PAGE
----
MER - Washington - 10/27/1997:
King Hussein pretends otherwise in front of the cameras -- and he's become
very good at the charade -- the realities of the Jordanian police-state
are largely unreported by the "mainstream" media. In the West Jordan
is considered a loyal ally and rarely do the realities of "the Hashemite
Kingdom" get discussed; in the Middle East the press is simply repressed,
coopted and controlled. Most of the other Arab regimes are even worse
than the Jordanian; consequently they are hardly going to allow reporting
about repression and fear through which they also keep their people in
a political stranglehold. "Elections" are being held in Jordan again
next month. In short, they are a sham. The main opposition
is boycotting. Everyone else is either coopted, afraid, or trying
to be uninvolved. Simply said, the Monarchy and the Muhabarat (Secret
Police) control Jordan today as in the past, and even with recent developments
the CIA (and the Mossad in recent years) are very much part of the scene
keeping the Hashemites in power.
The following eye-witness account took place at the University of Jordan in Amman last week, largely unreported and unknown.
Today I know for sure, after endless failing attempts to convince myself of the existence of a true democracy in Jordan, I know that it's all crap... worthless blabber. It's funny how our government always makes sure that its citizens go to bed everyday with rosy-ish imposed images of our festive democratic life. Well I don't think it's gonna ever be the same for anyone who passed by University of Jordan this morning, let alone went inside to attend lectures, only to be in a state of total shock of the bitter truth that we've been trying to deny for so long.
I most feel obliged, as someone who happened to be at UJ since 9 in the morning, to try and say everything that I've heard and seen, since unfortunately there were no reporters, no journalists, no nothing.
Yesterday, Tuesday Oct. 21st, our students' council at UJ distributed papers that told the story of how the student council chairman went to see some high-rank official to ask permission for a demonstration to take place today, Wednesday Oct. 22nd, at 11:00am. The cause behind the demonstration was meant to be the demand of a Jordanian Student General Union. Very surprisingly, students' council chairman was addressed very rudely, and threatened that if he and his fellow student-council members continue with this demand of theirs, he'll be arrested and sent where no one will ever know about him any more!! . . . feeling the burden of responsibility, our chairman insisted that the demonstration takes place, upon which the official's response was an even harsher threaten; one that is said to have been carried out this morning, arresting the chairman along with 4 other student-council members.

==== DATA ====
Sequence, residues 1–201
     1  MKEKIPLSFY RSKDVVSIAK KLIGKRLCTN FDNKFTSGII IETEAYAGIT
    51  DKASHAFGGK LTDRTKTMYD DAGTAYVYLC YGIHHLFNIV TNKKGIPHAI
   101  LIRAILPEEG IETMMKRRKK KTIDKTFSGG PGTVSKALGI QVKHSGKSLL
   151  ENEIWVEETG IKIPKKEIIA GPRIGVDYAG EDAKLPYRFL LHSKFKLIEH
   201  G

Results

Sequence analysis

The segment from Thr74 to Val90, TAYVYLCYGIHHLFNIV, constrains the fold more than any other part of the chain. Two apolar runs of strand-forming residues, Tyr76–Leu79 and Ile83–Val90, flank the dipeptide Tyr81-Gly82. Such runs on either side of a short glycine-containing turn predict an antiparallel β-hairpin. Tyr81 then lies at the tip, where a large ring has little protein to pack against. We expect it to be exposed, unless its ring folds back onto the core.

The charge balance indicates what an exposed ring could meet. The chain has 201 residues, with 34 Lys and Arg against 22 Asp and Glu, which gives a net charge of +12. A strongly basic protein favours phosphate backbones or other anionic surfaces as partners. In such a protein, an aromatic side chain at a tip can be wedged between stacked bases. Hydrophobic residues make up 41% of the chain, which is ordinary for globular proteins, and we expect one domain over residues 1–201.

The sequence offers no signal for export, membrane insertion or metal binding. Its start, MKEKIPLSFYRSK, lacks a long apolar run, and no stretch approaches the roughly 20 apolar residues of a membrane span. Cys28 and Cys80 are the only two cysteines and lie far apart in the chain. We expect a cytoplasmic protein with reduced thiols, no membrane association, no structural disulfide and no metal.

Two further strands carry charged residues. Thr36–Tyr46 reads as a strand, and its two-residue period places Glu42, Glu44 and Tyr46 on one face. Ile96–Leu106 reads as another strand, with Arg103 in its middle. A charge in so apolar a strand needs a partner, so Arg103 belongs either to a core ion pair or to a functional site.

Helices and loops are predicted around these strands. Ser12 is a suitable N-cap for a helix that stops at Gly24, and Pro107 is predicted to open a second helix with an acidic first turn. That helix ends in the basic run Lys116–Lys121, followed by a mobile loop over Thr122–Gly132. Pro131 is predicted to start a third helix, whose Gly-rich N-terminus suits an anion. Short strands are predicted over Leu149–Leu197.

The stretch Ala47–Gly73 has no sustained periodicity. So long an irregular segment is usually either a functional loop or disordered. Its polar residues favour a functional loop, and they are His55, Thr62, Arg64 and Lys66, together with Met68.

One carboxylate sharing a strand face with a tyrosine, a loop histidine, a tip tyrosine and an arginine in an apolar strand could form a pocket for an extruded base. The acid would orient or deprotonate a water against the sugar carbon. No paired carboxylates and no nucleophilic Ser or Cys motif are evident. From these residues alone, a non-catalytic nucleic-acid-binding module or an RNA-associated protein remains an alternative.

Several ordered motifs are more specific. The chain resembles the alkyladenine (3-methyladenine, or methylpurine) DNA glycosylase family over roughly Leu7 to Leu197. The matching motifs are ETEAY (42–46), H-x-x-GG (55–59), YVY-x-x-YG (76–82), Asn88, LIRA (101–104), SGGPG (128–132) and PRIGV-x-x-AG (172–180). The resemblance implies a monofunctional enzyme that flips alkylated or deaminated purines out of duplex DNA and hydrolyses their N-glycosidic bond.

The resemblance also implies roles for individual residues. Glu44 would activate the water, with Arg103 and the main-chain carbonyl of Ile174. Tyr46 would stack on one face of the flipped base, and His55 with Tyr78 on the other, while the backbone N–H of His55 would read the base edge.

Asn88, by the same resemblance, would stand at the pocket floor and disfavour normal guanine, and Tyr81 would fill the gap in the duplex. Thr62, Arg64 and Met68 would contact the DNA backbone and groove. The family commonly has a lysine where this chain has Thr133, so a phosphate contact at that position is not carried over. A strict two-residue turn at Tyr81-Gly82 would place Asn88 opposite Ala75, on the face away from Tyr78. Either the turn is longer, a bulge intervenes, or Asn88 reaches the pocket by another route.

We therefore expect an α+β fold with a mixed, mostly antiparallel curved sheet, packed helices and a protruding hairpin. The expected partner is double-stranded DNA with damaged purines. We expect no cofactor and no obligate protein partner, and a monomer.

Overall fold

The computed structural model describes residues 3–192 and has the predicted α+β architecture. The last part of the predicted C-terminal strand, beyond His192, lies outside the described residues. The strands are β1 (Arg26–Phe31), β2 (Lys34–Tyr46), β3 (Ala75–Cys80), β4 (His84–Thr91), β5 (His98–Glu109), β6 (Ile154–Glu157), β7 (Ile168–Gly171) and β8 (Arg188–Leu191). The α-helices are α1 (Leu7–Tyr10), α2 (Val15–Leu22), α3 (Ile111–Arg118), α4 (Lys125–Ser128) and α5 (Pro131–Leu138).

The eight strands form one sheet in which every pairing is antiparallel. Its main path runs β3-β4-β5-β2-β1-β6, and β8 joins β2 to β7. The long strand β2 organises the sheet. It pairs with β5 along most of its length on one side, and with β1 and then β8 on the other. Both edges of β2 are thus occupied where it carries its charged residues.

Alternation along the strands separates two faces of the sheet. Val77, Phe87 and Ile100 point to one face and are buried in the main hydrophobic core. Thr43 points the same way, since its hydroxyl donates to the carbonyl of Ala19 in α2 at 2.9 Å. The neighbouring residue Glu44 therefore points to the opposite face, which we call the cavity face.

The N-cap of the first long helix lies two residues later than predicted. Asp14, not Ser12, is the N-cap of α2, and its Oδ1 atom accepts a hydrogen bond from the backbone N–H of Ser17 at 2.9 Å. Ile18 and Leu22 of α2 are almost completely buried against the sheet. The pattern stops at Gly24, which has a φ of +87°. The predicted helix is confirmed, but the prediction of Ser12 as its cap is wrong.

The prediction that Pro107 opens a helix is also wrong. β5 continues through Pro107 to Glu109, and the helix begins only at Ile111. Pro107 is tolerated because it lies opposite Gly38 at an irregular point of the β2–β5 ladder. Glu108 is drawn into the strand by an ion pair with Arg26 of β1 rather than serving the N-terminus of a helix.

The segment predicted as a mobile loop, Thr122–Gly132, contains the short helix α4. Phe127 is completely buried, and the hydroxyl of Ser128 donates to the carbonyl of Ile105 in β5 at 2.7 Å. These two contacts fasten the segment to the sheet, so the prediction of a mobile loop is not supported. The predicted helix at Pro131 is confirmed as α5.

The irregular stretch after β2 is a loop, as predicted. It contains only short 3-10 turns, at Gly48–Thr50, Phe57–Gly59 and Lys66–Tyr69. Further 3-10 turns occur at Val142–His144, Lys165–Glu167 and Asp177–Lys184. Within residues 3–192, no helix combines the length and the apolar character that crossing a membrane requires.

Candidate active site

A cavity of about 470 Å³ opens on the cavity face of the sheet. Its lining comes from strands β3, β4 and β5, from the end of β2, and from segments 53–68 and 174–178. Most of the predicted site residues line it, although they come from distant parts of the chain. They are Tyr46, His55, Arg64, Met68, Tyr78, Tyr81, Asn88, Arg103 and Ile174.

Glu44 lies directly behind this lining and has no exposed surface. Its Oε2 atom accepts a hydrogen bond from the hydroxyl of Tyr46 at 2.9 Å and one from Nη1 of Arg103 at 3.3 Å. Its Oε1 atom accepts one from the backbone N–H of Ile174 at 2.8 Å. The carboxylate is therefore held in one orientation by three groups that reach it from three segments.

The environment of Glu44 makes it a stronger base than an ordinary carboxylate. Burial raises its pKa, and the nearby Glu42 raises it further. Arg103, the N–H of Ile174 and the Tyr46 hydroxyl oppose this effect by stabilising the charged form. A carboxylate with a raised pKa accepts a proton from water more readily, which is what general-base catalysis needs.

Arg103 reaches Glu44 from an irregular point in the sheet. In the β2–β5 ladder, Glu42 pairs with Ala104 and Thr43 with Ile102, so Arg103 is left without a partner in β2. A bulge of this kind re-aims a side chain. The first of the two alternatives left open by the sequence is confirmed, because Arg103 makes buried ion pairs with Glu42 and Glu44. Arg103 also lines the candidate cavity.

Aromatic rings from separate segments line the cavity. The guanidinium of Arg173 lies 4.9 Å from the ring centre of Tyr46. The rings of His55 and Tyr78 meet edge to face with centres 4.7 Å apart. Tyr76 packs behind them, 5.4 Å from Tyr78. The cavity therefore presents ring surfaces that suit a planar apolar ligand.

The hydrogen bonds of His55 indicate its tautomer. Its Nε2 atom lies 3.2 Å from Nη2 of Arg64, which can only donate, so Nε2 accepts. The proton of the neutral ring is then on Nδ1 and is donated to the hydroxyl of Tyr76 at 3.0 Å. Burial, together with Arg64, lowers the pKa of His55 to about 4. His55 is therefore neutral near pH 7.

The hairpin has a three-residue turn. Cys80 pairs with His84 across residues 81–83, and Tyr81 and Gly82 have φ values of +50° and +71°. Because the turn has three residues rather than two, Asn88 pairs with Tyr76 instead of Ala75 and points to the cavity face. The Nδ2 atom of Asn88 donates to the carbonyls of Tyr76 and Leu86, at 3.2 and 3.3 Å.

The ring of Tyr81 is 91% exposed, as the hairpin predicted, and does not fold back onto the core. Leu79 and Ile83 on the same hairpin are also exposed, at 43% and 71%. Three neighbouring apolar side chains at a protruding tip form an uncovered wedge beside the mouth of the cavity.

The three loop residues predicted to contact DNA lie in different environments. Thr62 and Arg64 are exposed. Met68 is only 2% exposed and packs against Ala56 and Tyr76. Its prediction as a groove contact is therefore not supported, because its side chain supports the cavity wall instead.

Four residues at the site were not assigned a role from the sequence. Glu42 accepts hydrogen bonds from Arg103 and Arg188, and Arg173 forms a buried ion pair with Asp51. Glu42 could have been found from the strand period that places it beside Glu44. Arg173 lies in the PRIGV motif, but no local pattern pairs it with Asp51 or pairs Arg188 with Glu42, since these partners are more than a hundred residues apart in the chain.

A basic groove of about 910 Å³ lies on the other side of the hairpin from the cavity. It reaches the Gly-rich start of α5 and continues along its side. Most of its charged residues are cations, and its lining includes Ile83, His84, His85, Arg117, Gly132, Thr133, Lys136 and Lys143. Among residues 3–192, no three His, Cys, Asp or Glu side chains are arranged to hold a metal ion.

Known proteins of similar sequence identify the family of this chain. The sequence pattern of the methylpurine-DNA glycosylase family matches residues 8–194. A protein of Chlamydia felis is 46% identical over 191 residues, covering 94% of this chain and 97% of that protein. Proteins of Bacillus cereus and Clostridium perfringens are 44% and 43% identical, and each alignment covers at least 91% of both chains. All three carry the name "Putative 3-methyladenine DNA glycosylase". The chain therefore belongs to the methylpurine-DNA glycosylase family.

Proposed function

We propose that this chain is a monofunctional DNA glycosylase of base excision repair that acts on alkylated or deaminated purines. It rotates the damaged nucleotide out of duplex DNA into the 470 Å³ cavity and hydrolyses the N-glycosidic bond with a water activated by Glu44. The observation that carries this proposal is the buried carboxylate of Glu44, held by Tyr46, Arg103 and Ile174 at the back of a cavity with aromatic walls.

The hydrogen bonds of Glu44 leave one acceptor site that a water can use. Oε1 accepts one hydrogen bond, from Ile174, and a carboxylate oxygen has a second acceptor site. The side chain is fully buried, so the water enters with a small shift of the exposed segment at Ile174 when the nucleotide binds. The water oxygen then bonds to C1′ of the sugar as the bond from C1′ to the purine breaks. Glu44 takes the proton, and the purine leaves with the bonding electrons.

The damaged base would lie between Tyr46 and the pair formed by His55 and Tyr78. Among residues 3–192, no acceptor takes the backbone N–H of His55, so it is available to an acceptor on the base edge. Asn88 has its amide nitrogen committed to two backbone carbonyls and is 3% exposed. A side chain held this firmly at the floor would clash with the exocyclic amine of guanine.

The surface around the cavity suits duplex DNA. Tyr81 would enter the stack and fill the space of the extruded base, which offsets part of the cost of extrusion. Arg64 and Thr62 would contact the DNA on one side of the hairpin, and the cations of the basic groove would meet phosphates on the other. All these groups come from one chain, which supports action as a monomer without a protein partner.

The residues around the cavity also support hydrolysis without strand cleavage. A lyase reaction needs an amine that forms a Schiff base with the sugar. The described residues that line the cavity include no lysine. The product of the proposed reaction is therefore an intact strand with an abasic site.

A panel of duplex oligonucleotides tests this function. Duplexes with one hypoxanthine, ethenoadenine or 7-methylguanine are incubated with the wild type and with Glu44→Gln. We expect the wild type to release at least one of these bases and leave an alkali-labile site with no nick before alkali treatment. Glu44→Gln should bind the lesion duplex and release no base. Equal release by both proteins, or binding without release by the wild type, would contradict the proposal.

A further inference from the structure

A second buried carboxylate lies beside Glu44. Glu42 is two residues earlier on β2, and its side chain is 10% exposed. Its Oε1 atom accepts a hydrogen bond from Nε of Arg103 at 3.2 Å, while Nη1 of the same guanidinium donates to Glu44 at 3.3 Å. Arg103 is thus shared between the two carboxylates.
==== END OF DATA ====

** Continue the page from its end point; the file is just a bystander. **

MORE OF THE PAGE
All that I've mentioned so far is merely what I've heard or read, but what follows is the really entertaining part; the one I've witnessed with my own eyes. From 8:00am this morning, the road leading directly to the main gate of the university was blocked for cars; only public buses were allowed in. Not less than 20 navy blue vans (the ones used for collective arresting) were lined outside the university main gate, along with something like 5 huge "things" that I've never seen before but was told that they're equipped with large water hoses to be used against demonstrators. And last, but definitely NOT least, a group of approximately 350 public security men dressed in navy blue, with their helmets, clubs and pistols on, sitting on the ground of an area that may well cover a basketball field, ready, or maybe even eager, to attack!
I, like most of us out there, am still in a state of shock. This is the only way I can describe how I've been feeling ever since that minute... I was so much distressed by the idea that something nasty may happen, I don't know what got to me, but I went and stood near the university fence, which was the only thing separating us from the "soldiers", and I couldn't help but address them and ask what they were intended to do; how far were they supposed to go if something happens. I said: Are you gonna beat those students up??? I know it's stupid, but the answer I got from one of the men was: wallah lanla77emhom (we'll "butcher" them).
I happened to have a camera with me, one which I usually use to capture precious and rosy moments of my last year at UJ, and I did manage to get a photo of those fierce-looking men, although I then had to run faster than I've ever done before, since "el-faleeleh 3/4 el-marajel!" (for although those men cannot by any means get into the university campus, yet we do have our "ta3qeeb" security men, one of which was heading towards me, or so I suspected). Fortunately enough, the demonstration did not take place, and things went smoothly. It was 15 minutes ago that I passed by UJ again. The men were gone, vans nearly disappeared, but still elhamdilla there are 5 white vans, just in case . . . God, it was only a demonstration!
democracy . . . HUH!